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A Brand-New 'Eephus' Fable

Rob Kyff on

"Why do we say something is 'brand-new'?" asks Simon Kravetz of Canton, Connecticut.

Now there's a burning question!

"Brand," derived from a Germanic root that means burn, originally referred to a burning stick or torch. Medieval artisans used intense heat to shape ceramic or metal objects, and when they pulled their creations from the fire, they were "brand-new," that is, still burning like a brand.

It's this fiery sense of "brand" that survives in "brand-new." Today we still use this term to refer to anything that's as fresh as newly forged metal.

Similarly, the term "brand," meaning a company's distinct trademark or an individual's public image or identity, derives from the hot brand that was used on casks and kegs to identify the maker of their contents.

A brand-new baseball season is beginning, and a devoted Yankees fan recently asked me about the origin of the old term "eephus pitch."

As Paul Dickson explains in his authoritative Dickson Baseball Dictionary, an eephus is a high-arcing pitch thrown overhand and aimed upward so it will drop from the top to the bottom of the strike zone as it crosses the plate.

Other names for this type of batter-baffler include blooper ball, gondola, parachute, balloon ball and La Lob, but "eephus" seems to be reserved for pitches with the most bizarre trajectories.

 

According to Dickson, the first pitch to be dubbed "eephus" was thrown by Pittsburgh Pirates hurler Truett "Rip" Sewell during a 1942 exhibition game with the Detroit Tigers in Muncie, Indiana.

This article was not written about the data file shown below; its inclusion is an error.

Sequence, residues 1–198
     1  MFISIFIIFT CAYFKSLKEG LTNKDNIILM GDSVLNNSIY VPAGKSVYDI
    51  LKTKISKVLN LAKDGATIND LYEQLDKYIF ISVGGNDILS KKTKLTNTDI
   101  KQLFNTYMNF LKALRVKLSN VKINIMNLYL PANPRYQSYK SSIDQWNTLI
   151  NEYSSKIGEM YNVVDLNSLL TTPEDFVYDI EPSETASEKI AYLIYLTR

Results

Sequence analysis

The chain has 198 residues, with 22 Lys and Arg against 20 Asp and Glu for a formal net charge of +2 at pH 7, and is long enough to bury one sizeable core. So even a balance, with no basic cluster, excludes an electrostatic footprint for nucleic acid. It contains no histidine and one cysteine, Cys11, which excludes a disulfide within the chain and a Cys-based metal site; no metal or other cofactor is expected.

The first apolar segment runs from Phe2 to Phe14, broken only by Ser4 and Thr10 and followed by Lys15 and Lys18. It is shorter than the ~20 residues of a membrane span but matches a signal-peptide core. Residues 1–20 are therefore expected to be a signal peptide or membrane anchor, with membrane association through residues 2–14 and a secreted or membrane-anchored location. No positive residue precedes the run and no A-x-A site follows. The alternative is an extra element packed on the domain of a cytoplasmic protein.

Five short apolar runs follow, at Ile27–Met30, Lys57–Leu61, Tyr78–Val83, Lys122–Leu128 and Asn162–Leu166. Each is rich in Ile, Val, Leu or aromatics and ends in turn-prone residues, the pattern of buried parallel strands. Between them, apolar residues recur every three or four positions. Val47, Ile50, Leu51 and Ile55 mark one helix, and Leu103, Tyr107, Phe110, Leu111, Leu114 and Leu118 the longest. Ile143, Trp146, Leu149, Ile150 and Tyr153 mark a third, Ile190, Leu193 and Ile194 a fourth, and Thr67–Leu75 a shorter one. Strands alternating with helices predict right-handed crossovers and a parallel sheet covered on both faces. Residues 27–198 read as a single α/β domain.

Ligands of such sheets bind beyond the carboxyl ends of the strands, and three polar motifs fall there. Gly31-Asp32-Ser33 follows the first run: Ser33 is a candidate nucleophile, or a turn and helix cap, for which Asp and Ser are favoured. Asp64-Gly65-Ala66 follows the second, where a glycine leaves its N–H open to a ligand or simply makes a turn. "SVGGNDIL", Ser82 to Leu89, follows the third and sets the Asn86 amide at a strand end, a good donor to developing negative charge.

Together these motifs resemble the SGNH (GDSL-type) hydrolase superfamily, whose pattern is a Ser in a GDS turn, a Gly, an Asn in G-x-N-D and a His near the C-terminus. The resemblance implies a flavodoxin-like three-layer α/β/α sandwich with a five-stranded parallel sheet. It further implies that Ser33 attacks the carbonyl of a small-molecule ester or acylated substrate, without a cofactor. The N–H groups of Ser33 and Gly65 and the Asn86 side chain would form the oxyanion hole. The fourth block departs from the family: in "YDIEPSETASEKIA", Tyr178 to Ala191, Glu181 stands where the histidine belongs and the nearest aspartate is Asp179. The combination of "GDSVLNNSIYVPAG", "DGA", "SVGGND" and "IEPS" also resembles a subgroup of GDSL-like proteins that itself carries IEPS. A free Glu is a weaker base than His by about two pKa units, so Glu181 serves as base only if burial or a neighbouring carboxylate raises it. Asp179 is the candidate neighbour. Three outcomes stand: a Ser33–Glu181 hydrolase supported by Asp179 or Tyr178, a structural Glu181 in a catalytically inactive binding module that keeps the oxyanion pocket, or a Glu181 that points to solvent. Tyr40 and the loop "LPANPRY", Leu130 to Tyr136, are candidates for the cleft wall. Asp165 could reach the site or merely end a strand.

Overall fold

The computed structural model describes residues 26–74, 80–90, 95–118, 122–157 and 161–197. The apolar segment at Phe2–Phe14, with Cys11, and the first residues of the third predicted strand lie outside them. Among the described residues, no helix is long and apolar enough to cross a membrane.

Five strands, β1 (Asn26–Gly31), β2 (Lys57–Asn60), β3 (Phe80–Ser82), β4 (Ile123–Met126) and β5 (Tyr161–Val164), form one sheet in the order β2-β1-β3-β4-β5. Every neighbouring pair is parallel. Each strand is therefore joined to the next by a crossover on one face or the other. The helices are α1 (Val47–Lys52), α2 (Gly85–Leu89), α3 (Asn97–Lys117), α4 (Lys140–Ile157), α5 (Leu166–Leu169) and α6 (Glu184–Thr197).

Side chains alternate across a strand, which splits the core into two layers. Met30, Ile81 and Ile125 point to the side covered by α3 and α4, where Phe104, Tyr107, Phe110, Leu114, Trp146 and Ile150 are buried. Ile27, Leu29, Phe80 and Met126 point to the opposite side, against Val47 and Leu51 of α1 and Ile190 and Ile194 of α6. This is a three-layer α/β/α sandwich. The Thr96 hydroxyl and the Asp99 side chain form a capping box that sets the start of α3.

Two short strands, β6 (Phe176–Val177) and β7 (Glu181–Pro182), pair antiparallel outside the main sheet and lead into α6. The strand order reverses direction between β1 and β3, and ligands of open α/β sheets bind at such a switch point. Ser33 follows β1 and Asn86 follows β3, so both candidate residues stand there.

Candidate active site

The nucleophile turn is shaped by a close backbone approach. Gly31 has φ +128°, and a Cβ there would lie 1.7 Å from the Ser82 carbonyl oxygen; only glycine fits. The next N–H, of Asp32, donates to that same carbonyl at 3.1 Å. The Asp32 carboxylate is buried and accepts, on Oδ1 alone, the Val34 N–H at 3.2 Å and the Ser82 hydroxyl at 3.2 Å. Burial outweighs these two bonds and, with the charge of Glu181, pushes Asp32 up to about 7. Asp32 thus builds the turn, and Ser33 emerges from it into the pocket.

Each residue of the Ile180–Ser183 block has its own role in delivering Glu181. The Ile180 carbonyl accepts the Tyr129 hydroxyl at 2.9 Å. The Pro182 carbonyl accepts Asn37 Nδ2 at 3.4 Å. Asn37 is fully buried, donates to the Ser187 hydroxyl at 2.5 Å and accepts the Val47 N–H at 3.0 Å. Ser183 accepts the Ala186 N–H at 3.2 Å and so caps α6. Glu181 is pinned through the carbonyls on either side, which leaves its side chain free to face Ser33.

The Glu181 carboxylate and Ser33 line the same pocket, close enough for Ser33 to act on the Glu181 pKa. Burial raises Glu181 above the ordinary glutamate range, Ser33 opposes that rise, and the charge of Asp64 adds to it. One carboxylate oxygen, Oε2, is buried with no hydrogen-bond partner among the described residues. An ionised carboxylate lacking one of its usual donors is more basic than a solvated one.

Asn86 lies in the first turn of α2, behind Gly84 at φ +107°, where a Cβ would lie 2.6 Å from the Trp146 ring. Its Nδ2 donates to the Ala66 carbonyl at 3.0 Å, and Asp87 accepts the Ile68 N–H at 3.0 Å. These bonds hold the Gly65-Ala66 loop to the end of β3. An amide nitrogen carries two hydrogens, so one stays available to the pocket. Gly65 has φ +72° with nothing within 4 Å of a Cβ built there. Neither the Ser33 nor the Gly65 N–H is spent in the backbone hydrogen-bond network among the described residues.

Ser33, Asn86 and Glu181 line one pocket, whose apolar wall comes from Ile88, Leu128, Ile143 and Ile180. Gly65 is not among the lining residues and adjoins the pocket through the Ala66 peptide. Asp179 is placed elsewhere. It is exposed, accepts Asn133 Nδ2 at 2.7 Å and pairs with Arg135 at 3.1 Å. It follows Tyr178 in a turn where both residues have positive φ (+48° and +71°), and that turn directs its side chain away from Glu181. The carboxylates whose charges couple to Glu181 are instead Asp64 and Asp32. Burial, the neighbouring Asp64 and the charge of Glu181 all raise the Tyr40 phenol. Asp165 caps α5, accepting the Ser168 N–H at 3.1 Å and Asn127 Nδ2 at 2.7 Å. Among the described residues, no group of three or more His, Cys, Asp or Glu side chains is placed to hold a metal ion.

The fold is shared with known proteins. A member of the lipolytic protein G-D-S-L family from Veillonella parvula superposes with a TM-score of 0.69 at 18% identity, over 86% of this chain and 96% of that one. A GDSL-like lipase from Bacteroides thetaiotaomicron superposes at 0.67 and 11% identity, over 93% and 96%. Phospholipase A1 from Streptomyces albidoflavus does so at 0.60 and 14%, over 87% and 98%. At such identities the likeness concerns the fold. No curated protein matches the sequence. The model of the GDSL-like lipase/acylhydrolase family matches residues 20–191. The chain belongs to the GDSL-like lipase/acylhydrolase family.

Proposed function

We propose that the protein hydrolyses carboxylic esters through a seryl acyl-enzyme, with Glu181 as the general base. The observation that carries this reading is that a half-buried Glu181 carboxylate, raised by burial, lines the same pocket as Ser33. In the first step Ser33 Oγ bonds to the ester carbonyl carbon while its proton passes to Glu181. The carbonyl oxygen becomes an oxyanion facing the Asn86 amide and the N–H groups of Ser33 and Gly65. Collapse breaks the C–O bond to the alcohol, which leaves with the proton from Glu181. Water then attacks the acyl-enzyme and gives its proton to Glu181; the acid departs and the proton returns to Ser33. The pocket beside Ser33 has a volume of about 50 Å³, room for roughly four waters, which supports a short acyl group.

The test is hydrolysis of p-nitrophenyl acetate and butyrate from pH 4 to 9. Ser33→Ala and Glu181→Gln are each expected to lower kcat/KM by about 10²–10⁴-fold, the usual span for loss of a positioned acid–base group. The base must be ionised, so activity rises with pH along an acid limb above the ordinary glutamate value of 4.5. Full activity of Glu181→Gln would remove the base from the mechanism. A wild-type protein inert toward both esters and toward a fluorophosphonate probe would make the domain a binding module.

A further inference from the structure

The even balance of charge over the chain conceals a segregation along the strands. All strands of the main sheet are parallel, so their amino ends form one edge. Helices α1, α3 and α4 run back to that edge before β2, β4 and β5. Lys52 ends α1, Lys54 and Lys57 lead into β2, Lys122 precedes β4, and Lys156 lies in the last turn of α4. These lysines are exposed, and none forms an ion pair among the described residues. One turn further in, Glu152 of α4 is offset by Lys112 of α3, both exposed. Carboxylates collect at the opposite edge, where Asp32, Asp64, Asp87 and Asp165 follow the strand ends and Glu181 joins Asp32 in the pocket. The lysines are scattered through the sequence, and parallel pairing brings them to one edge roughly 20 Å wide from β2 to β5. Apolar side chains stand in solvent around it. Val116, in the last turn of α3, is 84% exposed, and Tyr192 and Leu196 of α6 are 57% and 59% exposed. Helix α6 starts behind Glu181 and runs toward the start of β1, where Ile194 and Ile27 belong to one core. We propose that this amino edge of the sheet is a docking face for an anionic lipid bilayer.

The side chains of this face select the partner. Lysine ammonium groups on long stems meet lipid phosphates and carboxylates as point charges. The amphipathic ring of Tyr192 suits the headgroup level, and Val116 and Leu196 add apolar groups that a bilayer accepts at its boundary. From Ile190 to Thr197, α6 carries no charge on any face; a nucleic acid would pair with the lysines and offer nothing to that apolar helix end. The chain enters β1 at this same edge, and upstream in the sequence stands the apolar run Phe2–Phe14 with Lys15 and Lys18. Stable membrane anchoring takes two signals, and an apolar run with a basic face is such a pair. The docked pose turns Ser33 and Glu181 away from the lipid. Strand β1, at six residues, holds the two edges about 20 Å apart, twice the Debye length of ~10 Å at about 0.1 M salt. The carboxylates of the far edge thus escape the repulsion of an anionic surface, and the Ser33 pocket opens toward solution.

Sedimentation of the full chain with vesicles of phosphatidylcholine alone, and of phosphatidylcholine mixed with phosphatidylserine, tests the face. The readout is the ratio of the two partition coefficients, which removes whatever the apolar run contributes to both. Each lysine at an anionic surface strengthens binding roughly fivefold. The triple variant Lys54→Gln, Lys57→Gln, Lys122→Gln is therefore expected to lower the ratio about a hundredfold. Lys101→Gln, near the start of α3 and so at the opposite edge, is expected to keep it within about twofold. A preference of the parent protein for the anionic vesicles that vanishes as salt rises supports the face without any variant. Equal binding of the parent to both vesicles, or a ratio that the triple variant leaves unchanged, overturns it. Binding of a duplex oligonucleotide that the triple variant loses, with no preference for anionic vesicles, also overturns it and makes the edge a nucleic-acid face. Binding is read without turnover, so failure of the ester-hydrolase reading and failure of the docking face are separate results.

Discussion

With the count at 3-2, Sewell threw an eephus to batter Dan Wakefield who swung so hard at the tantalizer that he nearly fell down when he missed.

After the game, when Pirates manager Frankie Frisch asked what the pitch was called, outfielder Maurice Van Robays piped up, "That's an eephus ball." Asked to explain, Van Robays said, "Eephus ain't nuthin'."

The baseball "eephus" may derive from "ephus," "e-phus" or "ephus ophus," an early-20th century slang term for dependable information, the straight story. (After all, the truth ain't nuthin'.) So, oddly enough, a baseball term for a high floater might come from a term for the lowdown.

But in my efforts to determine whether "eephus pitch" was meant ironically (an eephus pitch is hardly straight, after all), or whether the term referred to the hard fact that the eephus is difficult to hit, I -- like most batters who encounter the elusive eephus -- have swung and missed.

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Rob Kyff, a teacher and writer in West Hartford, Connecticut, invites your language sightings. His book, "Mark My Words," is available for $9.99 on Amazon.com. Send your reports of misuse and abuse, as well as examples of good writing, via email to WordGuy@aol.com or by regular mail to Rob Kyff, Creators Syndicate, 737 3rd Street, Hermosa Beach, CA 90254.


Copyright 2024 Creators Syndicate Inc.

 

 

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